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Article
January 1977

The Davidson and Hemmendinger Color Rule as a Color Vision Screening Test

Author Affiliations

From the Department of Ophthalmology and the Institute for Research in Vision, Ohio State University, Columbus.

Arch Ophthalmol. 1977;95(1):134-138. doi:10.1001/archopht.1977.04450010134013
Abstract

• The Davidson and Hemmendinger (DH) color rule was evaluated for color vision screening of normal and congenital color-defective subjects. Ninety-eight normal and 14 color-defective subjects were tested on the color rule under Macbeth illumination of 5,400 K. The color-defective subjects were also tested on the Nagel anomaloscope, the Farnsworth D-15, and the H-R-R pseudoisochromatic plates. The DH color rule performed as accurately as the anomaloscope and was superior to the other two tests in detecting anomalous trichromats and in discriminating protanomalous subjects from deuteranomalous subjects. The color rule also discriminated dichromats from anomalous trichromats. For severe color-defective subjects (dichromats, achromats), the color rule was more time-consuming than the other tests and discrimination was less certain. Response patterns on the DH color rule and response variability of the different classifications are reported.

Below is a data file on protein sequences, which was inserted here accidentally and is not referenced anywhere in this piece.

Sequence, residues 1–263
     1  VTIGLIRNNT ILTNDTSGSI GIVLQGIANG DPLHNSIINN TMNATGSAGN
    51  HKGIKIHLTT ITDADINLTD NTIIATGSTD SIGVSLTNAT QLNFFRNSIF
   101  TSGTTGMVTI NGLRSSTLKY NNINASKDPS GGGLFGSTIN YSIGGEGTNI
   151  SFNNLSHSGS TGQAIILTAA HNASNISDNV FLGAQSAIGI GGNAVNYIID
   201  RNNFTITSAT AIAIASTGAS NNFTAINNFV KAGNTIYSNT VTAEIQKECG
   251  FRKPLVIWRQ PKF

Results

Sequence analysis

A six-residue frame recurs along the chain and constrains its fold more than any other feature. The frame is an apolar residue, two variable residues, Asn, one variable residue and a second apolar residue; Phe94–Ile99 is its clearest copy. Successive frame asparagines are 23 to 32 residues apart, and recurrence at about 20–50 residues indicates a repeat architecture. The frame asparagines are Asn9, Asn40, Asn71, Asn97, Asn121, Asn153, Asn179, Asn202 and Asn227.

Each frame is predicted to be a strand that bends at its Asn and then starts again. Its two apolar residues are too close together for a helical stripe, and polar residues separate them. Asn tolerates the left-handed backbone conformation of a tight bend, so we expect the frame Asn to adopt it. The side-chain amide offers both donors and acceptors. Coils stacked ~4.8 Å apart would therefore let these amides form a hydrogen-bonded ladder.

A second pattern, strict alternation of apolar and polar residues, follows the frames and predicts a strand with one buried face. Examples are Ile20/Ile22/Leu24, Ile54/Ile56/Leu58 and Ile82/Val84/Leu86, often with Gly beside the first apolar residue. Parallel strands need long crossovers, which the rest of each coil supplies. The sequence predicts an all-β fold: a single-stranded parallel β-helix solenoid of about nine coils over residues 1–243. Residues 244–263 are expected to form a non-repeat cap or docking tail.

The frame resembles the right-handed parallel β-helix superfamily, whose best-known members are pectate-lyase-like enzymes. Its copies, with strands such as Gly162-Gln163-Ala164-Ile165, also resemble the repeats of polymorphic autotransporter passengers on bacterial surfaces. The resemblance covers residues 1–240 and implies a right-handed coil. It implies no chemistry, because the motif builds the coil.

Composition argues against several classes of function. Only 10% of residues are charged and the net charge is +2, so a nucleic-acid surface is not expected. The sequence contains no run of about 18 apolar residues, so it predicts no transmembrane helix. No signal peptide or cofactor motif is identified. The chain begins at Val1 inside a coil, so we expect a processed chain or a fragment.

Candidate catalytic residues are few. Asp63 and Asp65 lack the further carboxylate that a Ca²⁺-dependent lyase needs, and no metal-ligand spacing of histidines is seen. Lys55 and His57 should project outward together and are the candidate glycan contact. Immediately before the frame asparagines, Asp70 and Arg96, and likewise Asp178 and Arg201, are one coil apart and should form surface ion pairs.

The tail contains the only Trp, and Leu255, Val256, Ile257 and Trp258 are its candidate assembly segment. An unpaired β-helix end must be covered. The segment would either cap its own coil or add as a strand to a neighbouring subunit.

(Arch Ophthalmol 95:134-138, 1977)

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